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Multilocus sequence typing of Cronobacter sakazakii and Cronobacter malonaticus reveals stable clonal structures with clinical significance which do not correlate with biotypes

Overview of attention for article published in BMC Microbiology, October 2009
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About this Attention Score

  • In the top 25% of all research outputs scored by Altmetric
  • High Attention Score compared to outputs of the same age (85th percentile)

Mentioned by

patent
3 patents
wikipedia
3 Wikipedia pages

Citations

dimensions_citation
137 Dimensions

Readers on

mendeley
53 Mendeley
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Title
Multilocus sequence typing of Cronobacter sakazakii and Cronobacter malonaticus reveals stable clonal structures with clinical significance which do not correlate with biotypes
Published in
BMC Microbiology, October 2009
DOI 10.1186/1471-2180-9-223
Pubmed ID
Authors

Adam Baldwin, Michael Loughlin, Juncal Caubilla-Barron, Eva Kucerova, Georgina Manning, Christopher Dowson, Stephen Forsythe

Abstract

The Cronobacter genus (Enterobacter sakazakii) has come to prominence due to its association with infant infections, and the ingestion of contaminated reconstituted infant formula. C. sakazakii and C. malonaticus are closely related, and are defined according their biotype. Due to the ubiquitous nature of the organism, and the high severity of infection for the immunocompromised, a multilocus sequence typing (MLST) scheme has been developed for the fast and reliable identification and discrimination of C. sakazakii and C. malonaticus strains. It was applied to 60 strains of C. sakazakii and 16 strains of C. malonaticus, including the index strains used to define the biotypes. The strains were from clinical and non-clinical sources between 1951 and 2008 in USA, Canada, Europe, New Zealand and the Far East.

Mendeley readers

The data shown below were compiled from readership statistics for 53 Mendeley readers of this research output. Click here to see the associated Mendeley record.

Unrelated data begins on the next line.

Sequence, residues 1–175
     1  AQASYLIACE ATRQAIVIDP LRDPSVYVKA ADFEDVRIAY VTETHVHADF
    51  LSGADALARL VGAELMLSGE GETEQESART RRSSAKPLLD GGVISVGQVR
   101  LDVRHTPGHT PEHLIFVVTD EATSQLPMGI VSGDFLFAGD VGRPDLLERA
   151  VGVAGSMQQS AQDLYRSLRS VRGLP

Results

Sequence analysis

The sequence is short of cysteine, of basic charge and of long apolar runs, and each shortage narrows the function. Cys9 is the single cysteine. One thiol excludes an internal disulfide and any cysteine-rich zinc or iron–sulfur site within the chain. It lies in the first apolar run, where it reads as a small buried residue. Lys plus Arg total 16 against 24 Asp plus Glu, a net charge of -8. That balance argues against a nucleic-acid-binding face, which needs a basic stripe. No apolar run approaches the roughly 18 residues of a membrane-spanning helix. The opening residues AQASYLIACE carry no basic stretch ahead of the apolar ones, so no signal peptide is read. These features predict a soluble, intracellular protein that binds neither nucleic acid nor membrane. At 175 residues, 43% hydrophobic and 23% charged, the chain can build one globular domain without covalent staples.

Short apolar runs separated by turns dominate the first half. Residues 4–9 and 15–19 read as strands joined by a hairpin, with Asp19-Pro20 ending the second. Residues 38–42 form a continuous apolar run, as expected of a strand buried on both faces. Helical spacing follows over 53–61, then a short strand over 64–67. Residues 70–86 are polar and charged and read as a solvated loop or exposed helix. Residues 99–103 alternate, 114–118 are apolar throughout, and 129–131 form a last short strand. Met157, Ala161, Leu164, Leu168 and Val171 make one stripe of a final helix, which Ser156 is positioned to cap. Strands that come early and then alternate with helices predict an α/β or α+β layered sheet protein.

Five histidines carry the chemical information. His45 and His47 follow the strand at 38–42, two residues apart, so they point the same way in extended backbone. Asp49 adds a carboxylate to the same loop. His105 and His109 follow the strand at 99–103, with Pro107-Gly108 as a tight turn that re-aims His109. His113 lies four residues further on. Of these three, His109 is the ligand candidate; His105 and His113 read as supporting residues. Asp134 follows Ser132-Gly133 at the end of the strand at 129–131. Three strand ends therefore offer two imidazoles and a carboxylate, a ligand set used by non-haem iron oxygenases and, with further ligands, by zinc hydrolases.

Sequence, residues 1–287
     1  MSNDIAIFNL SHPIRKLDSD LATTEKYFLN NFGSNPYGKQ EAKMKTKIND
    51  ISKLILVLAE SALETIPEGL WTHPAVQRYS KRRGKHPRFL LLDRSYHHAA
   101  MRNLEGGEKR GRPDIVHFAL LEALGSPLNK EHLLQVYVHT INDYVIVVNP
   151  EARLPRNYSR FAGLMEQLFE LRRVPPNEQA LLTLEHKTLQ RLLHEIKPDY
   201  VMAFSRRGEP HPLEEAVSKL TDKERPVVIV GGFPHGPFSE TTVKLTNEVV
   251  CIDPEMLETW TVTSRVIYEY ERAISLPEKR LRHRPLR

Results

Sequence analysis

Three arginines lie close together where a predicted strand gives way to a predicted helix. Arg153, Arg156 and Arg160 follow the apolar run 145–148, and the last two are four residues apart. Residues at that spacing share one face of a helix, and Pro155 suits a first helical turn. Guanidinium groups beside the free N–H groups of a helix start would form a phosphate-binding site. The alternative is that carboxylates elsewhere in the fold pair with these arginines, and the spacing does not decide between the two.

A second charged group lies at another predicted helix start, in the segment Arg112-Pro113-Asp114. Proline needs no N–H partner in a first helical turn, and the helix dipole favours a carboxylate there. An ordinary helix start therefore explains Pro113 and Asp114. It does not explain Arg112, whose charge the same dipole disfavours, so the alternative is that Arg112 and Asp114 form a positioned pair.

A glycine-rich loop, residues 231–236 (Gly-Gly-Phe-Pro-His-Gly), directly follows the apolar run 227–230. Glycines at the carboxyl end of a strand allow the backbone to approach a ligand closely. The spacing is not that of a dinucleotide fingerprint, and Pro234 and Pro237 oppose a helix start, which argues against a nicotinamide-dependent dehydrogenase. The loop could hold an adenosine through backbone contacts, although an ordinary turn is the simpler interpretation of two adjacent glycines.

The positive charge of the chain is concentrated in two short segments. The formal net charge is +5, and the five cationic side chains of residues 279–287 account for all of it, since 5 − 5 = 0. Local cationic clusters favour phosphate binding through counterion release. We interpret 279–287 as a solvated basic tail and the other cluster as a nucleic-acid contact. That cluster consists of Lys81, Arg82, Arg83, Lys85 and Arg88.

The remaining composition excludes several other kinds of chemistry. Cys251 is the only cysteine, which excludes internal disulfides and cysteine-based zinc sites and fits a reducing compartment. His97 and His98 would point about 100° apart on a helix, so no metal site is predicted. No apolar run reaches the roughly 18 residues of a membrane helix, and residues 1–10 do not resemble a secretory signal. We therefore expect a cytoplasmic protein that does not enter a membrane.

Geographical breakdown

Country Count As %
United Kingdom 2 4%
France 1 2%
South Africa 1 2%
Unknown 49 92%

Demographic breakdown

Readers by professional status Count As %
Student > Ph. D. Student 13 25%
Student > Bachelor 11 21%
Student > Master 5 9%
Student > Postgraduate 5 9%
Professor 3 6%
Other 11 21%
Unknown 5 9%
Readers by discipline Count As %
Agricultural and Biological Sciences 28 53%
Biochemistry, Genetics and Molecular Biology 8 15%
Immunology and Microbiology 3 6%
Chemistry 2 4%
Nursing and Health Professions 1 2%
Other 4 8%
Unknown 7 13%

Attention Score in Context

This research output has an Altmetric Attention Score of 9. This is our high-level measure of the quality and quantity of online attention that it has received. This Attention Score, as well as the ranking and number of research outputs shown below, was calculated when the research output was last mentioned on 08 June 2021.
All research outputs
#2,637,261
of 18,815,546 outputs
Outputs from BMC Microbiology
#248
of 2,798 outputs
Outputs of similar age
#44,668
of 306,311 outputs
Outputs of similar age from BMC Microbiology
#2
of 2 outputs
Altmetric has tracked 18,815,546 research outputs across all sources so far. Compared to these this one has done well and is in the 84th percentile: it's in the top 25% of all research outputs ever tracked by Altmetric.
So far Altmetric has tracked 2,798 research outputs from this source. They receive a mean Attention Score of 3.9. This one has done particularly well, scoring higher than 90% of its peers.
Older research outputs will score higher simply because they've had more time to accumulate mentions. To account for age we can compare this Altmetric Attention Score to the 306,311 tracked outputs that were published within six weeks on either side of this one in any source. This one has done well, scoring higher than 85% of its contemporaries.
We're also able to compare this research output to 2 others from the same source and published within six weeks on either side of this one.